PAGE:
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Observable Sharing Using Data.Reify

When I started learning about functional programming after years of writing object oriented code, one difference that stood out for me is how, unlike many functional languages, object oriented languages have this built-in notion of identity for objects separate from object equality.

Let's compare these two (contrived) examples for defining persons. First in Python and then in Haskell.

class Person:
    def __init__(self, name, children):
        self.name = name
        self.children = children

bob = Person("Bob", [])
data Person = Person
    { name     :: String
    , children :: Person
    }

bob = Person "Bob" []

Now in Python, if we were to define another person that is also called "Bob", we could determine that we are dealing with a different Bob using the is operator.

bob  = Person("Bob", [])
bob2 = Person("Bob", [])

assert bob is not bob2

In Haskell, though, if we define

bob  = Person "Bob" []
bob2 = Person "Bob" []

we don't have any built in way to determine whether bob is the same person as bob2 and actually, since the data is immutable, some compiler might, in theory, very well use common subexpression elimination to optimize the above to:

bob  = Person "Bob" []
bob2 = bob

Of course, when dealing with immutable data it shouldn't matter at all whether two variables actually point to the exact same data in memory or not, but there are some cases where we want to know whether two data structures actually share data or if they merely have an equal value. For example

mary  = Person "Mary"  []
bob   = Person "Bob"   [mary]
alice = Person "Alice" [mary]

The way we current have defined Person we have no way of knowing wether Mary is the daughter of both Bob and Alice or whether both just happen to have a child with the same name. In Haskell, if we care about identity, we have to provide it manually.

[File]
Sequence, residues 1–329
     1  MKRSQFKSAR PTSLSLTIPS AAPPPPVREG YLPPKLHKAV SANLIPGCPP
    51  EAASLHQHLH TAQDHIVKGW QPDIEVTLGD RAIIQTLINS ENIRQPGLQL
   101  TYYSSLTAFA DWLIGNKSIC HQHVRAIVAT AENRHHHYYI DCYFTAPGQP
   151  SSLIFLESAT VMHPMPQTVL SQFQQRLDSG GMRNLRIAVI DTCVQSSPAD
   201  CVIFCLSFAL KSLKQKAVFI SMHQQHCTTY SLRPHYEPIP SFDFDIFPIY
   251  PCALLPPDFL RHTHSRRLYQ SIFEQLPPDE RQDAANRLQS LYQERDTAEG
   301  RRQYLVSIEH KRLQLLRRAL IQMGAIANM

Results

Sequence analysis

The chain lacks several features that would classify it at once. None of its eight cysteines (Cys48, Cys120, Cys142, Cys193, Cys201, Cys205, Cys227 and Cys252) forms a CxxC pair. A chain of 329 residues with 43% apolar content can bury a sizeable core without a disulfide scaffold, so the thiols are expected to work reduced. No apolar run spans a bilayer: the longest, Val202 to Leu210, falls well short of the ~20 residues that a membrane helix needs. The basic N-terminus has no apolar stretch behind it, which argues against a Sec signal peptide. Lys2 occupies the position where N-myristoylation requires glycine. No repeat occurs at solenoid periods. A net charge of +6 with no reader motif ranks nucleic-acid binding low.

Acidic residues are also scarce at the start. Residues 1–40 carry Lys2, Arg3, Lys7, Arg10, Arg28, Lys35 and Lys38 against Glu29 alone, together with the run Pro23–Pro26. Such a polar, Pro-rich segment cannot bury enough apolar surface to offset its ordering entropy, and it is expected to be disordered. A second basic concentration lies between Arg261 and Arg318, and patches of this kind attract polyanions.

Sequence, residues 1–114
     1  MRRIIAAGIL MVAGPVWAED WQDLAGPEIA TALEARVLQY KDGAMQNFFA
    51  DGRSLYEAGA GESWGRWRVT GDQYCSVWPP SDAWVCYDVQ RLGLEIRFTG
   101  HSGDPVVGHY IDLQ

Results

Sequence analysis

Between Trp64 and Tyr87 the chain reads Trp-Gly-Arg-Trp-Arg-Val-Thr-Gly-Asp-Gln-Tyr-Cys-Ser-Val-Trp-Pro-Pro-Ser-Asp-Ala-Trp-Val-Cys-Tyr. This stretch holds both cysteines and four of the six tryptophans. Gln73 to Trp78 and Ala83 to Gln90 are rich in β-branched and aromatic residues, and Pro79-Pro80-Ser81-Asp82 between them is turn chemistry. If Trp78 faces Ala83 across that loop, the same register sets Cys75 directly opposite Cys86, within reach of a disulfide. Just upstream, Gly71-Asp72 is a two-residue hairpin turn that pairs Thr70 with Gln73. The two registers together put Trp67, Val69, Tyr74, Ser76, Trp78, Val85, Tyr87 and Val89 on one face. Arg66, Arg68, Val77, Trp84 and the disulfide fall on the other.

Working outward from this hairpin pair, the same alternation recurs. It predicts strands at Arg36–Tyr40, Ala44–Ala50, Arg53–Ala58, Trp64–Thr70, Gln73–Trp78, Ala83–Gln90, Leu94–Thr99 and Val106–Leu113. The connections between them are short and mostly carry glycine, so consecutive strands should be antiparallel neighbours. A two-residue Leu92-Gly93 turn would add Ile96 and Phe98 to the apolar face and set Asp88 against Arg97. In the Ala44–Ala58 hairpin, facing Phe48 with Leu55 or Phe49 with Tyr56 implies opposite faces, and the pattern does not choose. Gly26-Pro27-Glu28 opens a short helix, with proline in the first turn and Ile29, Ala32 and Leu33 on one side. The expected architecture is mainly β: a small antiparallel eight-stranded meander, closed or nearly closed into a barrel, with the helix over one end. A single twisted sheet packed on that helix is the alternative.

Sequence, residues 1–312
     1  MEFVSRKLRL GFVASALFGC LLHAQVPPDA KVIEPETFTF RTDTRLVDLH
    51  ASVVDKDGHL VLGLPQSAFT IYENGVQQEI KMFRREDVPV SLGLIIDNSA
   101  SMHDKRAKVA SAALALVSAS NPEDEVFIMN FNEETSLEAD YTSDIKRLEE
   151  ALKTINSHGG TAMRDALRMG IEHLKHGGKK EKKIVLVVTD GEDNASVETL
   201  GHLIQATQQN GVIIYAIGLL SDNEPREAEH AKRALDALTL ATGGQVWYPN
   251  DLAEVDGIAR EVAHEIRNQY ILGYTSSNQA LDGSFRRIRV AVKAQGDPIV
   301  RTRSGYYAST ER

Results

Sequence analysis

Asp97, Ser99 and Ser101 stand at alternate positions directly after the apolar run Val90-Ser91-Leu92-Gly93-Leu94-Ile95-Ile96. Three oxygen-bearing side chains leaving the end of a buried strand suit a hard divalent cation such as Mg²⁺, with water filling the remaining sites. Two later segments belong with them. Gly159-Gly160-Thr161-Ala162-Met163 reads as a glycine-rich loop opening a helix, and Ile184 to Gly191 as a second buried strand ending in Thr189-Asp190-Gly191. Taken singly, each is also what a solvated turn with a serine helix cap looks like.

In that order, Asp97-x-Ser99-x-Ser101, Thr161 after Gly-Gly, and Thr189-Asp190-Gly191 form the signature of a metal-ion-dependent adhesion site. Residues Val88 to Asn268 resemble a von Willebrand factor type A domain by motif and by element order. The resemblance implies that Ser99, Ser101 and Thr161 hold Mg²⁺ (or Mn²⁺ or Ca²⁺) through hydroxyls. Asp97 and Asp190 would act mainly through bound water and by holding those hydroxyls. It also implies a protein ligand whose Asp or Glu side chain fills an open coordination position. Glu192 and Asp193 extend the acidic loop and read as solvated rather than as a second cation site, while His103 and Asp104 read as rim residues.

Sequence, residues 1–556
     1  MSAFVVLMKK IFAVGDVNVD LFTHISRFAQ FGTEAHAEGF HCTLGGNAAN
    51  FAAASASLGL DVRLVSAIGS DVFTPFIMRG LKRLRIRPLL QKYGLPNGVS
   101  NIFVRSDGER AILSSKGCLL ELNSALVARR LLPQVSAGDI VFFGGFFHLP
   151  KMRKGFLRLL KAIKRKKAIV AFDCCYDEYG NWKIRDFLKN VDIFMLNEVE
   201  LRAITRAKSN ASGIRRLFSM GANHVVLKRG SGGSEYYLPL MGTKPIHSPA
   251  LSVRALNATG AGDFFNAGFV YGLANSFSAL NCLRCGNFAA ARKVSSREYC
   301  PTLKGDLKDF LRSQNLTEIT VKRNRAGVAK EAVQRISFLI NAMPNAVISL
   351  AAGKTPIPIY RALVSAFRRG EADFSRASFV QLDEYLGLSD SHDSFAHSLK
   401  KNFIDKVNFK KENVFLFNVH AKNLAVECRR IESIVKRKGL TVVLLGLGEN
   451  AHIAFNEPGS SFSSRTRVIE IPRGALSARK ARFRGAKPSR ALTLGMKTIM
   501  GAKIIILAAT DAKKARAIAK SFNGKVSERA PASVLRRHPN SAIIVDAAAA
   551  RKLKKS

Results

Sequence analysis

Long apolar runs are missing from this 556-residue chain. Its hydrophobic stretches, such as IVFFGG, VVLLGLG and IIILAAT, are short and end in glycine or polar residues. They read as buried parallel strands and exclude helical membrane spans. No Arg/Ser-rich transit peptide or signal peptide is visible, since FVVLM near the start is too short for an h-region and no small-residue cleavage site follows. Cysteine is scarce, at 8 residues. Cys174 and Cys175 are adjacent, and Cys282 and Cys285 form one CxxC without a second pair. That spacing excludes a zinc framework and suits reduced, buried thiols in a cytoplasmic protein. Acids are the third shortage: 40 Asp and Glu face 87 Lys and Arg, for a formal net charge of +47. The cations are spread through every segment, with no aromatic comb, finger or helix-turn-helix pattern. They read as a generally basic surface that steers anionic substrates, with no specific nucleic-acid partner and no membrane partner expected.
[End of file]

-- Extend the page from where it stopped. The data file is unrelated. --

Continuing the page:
import Data.Unique
import Data.Function (on)

data UniquePerson = UniquePerson
    { name     :: String
    , children :: [UniquePerson]
    , identity :: Unique
    }

is :: UniquePerson -> UniquePerson -> Bool
is = (==) `on` identity

However, this comes with the limitation that we can only "instantiate" new persons in the IO monad, which makes sense as a unique identity is actually an observable side-effect.

import Control.Applicative ((<$>))

main = do
    mary  <- UniquePerson "Mary"  []     <$> newUnique
    bob   <- UniquePerson "Bob"   [mary] <$> newUnique
    alice <- UniquePerson "Alice" [mary] <$> newUnique

    print $ (children bob !! 0) `is` (children alice !! 0)

There's one problem with having to initialize person data in the IO monad, namely that we are now dependent on the order of initialization. This will cause us trouble if change the data type from a parent-child hierarchy to something that can have circular links.

data UniquePerson = UniquePerson
    { name     :: String
    , friends  :: [UniquePerson]
    , identity :: Unique
    }

main = do
    bob  <- UniquePerson "Bob"  []    <$> newUnique
    fred <- UniquePerson "Fred" [bob] <$> newUnique

Now Fred can be a friend of Bob or Bob can be the friend of Fred, but there's no immediately obvious way to model the relationship both ways. We could change the data type to only refer to the friend using his ID, as in:

data UniquePerson = UniquePerson
    { name     :: String
    , friends  :: [Unique]
    , identity :: Unique
    }

main = do
    bobId  <- newUnique
    fredId <- newUnique

    bob  = UniquePerson "Bob"  [fredId] bobId
    fred = UniquePerson "Fred" [bobId]  fredId